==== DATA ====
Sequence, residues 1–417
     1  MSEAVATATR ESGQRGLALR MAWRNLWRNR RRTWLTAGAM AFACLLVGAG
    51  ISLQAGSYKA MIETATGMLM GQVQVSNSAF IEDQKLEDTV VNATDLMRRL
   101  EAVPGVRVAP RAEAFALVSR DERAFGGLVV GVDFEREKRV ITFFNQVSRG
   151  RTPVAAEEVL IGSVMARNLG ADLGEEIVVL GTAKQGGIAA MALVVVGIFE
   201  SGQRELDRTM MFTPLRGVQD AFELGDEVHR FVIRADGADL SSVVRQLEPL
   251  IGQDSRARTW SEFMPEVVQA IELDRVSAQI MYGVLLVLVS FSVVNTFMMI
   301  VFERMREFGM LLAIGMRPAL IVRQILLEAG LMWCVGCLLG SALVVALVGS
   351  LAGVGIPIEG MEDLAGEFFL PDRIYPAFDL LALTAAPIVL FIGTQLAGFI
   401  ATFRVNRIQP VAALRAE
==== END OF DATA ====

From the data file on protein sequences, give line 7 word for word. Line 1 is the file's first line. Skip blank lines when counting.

   251  IGQDSRARTW SEFMPEVVQA IELDRVSAQI MYGVLLVLVS FSVVNTFMMI